JENKS - At 19, filmmaker Crystal Kayiza already has an Emmy award for a documentary piece she did in high school.
She credits much of her achievement to the Jenks High School Film and TV program and Clifton Raphael, the teacher who leads it.
"I feel like any amount of success I have always comes back to how encouraging my school was and how encouraging Mr. Raphael was," Kayiza said.
She won the Emmy in the professional - not student - division of the Heartland Region of the National Academy of Television Arts and Sciences.
"It's a real, honest-to-God Emmy," said Raphael, who won his own statue as executive producer of the piece.
Kayiza's segment beat out submissions from two Denver television stations and tied with a Denver Post video piece in the historic/cultural feature category.
"It's rare for a college to win in the professional division, and it may be unprecedented for a high school to do so," said Raphael, who noted that Denver is the 19th-largest television market in the country.
Kayiza's feature, "All That Remains," is about the historic black town of Boley. The film focuses on the Okfuskee County town's rich history and its decline as young people leave for college and professions elsewhere.
As a child, Kayiza enjoyed photography and film. Until Raphael's class, though, she hadn't thought she could be a filmmaker.
"I never really understood you could apply that passion to an actual profession," she said.
The child of Ugandan immigrants, Kayiza was blessed with parents who supported her passion and encouraged her to be the best.
She applied for and received a full scholarship to Ithaca College's Park School of Communications in New York.
The scholarship is valued at $50,000 per year, which includes tuition, room and board; an expense-paid semester in New York, Los Angeles, the District of Columbia or London; and another expense-paid semester anywhere in the world.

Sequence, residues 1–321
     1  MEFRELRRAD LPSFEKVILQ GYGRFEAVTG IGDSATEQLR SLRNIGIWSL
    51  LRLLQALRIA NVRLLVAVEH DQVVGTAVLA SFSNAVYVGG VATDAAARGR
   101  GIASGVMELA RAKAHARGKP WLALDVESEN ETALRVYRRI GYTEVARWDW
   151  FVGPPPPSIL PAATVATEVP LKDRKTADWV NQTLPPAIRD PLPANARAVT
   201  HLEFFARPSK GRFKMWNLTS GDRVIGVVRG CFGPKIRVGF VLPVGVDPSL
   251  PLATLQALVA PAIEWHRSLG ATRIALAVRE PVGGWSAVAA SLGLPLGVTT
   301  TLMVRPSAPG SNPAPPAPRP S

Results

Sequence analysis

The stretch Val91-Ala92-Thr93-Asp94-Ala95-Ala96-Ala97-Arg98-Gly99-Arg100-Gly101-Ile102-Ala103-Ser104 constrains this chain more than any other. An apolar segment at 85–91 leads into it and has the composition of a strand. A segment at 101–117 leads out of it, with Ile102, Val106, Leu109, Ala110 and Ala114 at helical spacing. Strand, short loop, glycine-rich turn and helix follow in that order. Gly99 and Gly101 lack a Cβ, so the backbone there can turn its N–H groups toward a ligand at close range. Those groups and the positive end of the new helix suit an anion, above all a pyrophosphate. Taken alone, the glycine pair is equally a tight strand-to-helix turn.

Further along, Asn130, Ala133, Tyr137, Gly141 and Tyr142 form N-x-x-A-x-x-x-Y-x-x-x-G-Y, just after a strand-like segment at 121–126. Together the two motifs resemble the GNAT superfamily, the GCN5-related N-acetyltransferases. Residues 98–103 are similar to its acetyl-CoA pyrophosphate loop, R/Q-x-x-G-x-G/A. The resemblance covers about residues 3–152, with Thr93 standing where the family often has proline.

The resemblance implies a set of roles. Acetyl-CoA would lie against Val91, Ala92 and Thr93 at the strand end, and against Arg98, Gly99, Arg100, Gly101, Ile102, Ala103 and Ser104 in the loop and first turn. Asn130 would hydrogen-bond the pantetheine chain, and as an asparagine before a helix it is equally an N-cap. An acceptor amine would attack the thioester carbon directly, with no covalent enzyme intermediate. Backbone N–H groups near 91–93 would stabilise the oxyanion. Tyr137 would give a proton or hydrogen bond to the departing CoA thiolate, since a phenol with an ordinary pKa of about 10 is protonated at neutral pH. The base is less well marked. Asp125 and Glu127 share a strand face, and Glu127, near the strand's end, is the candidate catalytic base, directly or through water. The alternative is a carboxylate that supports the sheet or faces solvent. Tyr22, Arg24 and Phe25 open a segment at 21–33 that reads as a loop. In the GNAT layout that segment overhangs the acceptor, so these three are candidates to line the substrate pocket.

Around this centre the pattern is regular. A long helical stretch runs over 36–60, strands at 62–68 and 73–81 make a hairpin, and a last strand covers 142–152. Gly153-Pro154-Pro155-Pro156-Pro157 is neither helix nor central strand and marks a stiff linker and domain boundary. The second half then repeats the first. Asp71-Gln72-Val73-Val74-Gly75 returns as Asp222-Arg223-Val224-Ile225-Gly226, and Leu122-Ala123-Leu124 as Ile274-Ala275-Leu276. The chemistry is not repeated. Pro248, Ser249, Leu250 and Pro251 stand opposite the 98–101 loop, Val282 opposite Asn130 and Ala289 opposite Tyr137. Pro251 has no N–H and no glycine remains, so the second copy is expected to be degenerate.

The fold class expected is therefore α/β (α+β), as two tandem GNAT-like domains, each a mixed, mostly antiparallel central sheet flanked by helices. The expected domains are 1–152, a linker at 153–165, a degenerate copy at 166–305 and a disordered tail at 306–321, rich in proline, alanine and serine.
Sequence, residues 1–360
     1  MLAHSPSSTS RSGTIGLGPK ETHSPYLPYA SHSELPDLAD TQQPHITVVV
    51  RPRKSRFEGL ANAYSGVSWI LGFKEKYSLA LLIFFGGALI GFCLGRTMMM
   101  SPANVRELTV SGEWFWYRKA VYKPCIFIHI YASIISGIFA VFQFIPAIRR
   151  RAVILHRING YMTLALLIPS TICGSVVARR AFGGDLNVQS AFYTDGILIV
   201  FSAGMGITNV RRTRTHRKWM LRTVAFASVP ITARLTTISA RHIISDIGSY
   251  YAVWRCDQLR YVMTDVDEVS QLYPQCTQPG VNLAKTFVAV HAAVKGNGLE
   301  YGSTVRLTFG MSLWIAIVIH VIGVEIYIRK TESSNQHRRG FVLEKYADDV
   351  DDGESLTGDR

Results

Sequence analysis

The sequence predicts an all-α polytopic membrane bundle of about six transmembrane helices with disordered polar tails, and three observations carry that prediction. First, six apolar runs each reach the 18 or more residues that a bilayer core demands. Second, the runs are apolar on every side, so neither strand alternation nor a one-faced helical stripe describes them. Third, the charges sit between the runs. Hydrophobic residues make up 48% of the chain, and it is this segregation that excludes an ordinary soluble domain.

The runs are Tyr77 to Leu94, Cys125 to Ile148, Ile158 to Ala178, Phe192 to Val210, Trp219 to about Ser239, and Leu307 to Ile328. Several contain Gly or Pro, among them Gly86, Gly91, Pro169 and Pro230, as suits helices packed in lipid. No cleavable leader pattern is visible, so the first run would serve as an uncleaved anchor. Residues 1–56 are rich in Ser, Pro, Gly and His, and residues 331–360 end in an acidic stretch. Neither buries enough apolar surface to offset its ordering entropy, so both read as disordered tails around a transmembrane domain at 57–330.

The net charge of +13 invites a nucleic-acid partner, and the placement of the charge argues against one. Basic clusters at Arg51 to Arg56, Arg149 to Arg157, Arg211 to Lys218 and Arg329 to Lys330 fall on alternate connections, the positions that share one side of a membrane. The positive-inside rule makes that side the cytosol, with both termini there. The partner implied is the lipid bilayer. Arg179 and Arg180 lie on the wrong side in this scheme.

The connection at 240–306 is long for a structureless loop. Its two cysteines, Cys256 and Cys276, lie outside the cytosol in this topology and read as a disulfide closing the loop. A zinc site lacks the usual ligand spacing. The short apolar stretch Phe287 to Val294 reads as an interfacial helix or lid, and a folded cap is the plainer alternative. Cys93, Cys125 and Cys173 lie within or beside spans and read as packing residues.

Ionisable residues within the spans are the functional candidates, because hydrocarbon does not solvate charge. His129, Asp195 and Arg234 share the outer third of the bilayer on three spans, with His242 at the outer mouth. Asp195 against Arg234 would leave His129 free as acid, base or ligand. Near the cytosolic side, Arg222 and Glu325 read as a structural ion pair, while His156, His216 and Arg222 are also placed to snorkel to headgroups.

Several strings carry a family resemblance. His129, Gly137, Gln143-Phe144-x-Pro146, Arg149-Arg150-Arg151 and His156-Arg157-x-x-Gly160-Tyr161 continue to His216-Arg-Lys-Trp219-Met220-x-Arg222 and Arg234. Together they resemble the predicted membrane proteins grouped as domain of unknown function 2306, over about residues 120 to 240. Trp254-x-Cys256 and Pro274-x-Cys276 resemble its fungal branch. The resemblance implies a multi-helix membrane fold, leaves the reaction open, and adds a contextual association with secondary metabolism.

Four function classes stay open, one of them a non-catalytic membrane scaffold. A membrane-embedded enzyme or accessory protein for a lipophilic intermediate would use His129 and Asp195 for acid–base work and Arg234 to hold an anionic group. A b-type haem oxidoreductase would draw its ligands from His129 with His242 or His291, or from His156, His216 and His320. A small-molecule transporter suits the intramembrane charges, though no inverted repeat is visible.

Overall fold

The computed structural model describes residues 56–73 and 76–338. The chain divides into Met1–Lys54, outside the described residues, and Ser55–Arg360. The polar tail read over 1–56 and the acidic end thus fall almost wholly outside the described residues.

"My parents taught me to take the risk and see what happens," Kayiza said.
Her Ugandan grandfather was also a filmmaker and playwright.
"He used film and stage to release his political voice," she said. "He grew up in an oppressive time. He made an impact on his country. I hope that I am as responsible with my filmmaking as he was."
Kayiza said she found that Jenks Public Schools prepared her well for college, particularly when she compares her high school experience with those of some fellow college students who had the "typical teenage sitcom experience."
She said Raphael was blunt when her work wasn't up to par, which readied her for the real world.
"There's something to be said for not being treated as a high school student but as a professional," she said.
Kayiza's piece aired last year in an edition of "Behind the Lens with Oklahoma's Future Filmmakers" on OETA.
"How often do you get a chance to apply for an Emmy when you're 19 years old? I guess it turned out great," she said with a quick smile.
Kim Archer 918-581-8315
Original Print Headline: Emmy winner
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